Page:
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Optica Publishing Group
  • Applied Spectroscopy
  • Vol. 76,
  • Issue 11,
  • pp. 1346-1355
  • (2022)

Thermally Induced Optical Reflection of Sound (THORS) in Ambient Air: Characterization and Temporal Dynamics

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Abstract

Thermally induced optical reflection of sound (THORS) provides a means to manipulate sound waves without the need for traditional acoustically engineered structures. By photothermally exciting a medium, with infrared light, a barrier can be formed due to abrupt changes in compressibility of the excited medium. Discovery and initial characterization of the THORS phenomenon utilized air saturated with ethanol vapor as the absorbing medium and a CO2 laser, operating at 9.6 µm, as the excitation source to achieve acoustic reflection efficiencies of 25–30% of the incident wave. In this work, we demonstrate for the first time, the ability to generate THORS barriers in ambient air (i.e., without the need for ethanol vapor). Employing atmospheric water vapor as the absorbing medium and a modulated, multiline carbon monoxide laser, operating at 5.5 ± 0.25 µm, THORS barriers capable of acoustic and ultrasonic reflection–suppression efficiencies greater than 70% are readily generated. To achieve these significant reflection–suppression efficiencies, the temporal dynamics of THORS barriers in ambient air were characterized using 300 kHz ultrasonic pulses incident on the barriers, revealing three different operational regimes. In the first regime, a single laser pulse generates a transient THORS barrier that lasts tens of milliseconds and exhibits minimal acoustic reflectivity. In the second regime, multiple laser pulses interact with the water vapor prior to complete relaxation of the THORS barrier from the previous excitation pulse, resulting in an additive response and reflectivity/suppression efficiencies as great as 72%. Finally, in the third regime, non-modulated continuous wave (CW) excitation of the water vapor occurs resulting in no measurable acoustic reflectivity/suppression from the THORS barrier. This work characterizes these different regimes and the optimal modulation timing to generate efficient continuous acoustic barriers using THORS.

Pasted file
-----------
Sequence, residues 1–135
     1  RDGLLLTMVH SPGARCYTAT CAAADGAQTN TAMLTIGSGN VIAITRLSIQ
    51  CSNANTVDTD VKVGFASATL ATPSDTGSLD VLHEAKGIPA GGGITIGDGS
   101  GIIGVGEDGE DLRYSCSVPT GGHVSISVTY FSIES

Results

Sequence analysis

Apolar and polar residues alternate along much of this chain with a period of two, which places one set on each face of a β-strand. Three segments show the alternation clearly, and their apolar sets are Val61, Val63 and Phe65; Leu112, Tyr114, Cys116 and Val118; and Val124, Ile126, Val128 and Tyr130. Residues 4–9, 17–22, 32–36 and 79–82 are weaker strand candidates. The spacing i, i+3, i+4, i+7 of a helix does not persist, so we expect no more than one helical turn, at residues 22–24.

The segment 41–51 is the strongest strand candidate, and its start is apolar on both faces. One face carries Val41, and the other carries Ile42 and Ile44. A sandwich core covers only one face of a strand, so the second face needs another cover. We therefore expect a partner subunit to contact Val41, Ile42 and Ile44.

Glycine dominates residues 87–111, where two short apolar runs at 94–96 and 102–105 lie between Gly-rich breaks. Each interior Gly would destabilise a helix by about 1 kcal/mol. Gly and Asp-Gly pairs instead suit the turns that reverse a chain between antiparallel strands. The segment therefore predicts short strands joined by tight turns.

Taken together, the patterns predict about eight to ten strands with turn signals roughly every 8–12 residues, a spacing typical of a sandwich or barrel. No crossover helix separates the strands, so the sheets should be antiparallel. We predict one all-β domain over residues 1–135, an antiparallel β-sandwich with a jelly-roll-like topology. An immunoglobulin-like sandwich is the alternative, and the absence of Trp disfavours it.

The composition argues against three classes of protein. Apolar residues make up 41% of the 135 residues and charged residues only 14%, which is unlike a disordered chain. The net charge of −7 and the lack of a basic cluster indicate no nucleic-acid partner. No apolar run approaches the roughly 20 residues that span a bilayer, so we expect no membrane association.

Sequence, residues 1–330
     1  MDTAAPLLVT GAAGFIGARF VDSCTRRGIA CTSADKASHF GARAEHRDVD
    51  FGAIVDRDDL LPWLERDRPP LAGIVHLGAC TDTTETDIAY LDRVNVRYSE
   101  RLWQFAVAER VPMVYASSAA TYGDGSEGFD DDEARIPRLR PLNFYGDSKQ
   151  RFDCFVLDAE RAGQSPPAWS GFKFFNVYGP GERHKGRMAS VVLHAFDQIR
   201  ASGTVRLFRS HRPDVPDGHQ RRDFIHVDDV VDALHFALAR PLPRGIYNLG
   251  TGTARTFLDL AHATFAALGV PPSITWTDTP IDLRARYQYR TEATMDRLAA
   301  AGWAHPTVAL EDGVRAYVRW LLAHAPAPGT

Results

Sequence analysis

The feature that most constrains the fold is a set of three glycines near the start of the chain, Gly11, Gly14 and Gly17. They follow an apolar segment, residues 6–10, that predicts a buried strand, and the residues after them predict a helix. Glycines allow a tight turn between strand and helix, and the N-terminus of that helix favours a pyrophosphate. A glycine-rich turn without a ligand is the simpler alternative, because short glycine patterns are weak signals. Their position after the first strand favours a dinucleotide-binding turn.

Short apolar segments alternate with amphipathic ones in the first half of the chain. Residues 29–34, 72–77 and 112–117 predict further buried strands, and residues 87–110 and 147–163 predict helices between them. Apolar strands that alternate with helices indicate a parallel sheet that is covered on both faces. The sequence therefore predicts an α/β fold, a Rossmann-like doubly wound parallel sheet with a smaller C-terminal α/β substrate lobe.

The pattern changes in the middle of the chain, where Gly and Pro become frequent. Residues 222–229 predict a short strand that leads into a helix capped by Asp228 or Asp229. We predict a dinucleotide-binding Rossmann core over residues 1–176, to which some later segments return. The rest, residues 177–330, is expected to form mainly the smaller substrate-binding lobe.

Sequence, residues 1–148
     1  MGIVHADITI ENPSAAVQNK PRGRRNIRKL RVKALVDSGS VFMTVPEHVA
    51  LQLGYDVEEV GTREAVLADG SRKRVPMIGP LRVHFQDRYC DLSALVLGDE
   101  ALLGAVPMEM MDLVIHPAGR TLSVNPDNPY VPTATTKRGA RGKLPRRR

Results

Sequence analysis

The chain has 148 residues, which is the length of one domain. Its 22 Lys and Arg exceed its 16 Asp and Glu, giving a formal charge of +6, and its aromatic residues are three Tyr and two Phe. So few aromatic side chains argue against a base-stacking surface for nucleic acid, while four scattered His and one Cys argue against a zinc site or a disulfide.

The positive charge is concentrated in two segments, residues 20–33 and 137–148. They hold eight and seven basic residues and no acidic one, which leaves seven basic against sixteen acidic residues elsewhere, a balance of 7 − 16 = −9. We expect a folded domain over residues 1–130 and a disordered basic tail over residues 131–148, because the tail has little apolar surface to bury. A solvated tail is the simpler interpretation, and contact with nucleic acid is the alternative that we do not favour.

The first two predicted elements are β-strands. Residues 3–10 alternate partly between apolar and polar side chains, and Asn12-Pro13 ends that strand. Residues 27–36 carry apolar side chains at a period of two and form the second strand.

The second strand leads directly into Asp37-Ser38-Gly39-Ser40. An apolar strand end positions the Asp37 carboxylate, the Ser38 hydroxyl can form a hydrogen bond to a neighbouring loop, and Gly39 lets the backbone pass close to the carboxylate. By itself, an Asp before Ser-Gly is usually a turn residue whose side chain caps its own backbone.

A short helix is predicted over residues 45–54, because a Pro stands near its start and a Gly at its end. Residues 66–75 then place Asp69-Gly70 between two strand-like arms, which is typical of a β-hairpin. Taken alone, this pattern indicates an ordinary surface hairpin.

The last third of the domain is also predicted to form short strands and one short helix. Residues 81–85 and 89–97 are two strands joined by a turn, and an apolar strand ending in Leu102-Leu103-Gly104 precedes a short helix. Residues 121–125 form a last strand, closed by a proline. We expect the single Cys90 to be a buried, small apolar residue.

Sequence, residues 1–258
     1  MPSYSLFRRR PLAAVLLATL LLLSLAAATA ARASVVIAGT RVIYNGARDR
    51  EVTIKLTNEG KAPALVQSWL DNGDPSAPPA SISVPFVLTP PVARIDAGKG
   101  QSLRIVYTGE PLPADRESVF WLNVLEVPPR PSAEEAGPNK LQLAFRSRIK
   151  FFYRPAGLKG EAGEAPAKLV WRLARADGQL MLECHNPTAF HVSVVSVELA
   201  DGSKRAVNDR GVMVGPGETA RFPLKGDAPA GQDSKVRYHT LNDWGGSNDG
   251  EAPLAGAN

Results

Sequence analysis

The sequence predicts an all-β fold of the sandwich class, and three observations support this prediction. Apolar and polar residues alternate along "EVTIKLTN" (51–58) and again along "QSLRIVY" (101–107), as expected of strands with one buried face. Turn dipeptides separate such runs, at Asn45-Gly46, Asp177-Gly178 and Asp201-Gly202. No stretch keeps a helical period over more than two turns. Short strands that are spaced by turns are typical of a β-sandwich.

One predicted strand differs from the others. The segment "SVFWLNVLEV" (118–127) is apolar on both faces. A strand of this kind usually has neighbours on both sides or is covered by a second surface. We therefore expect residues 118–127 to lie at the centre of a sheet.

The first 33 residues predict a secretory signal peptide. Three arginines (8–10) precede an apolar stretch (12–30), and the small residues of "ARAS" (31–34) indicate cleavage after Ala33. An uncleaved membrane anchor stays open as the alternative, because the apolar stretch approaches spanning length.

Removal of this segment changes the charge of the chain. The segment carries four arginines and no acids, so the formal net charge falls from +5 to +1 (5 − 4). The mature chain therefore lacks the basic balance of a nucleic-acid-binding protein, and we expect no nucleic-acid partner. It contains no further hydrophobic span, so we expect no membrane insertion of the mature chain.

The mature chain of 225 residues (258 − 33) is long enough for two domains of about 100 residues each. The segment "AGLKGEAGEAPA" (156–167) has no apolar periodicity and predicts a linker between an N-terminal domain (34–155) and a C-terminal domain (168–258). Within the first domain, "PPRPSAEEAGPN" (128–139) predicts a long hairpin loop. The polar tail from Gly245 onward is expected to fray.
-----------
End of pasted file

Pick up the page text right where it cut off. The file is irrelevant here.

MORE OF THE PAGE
© 2022 The Author(s)

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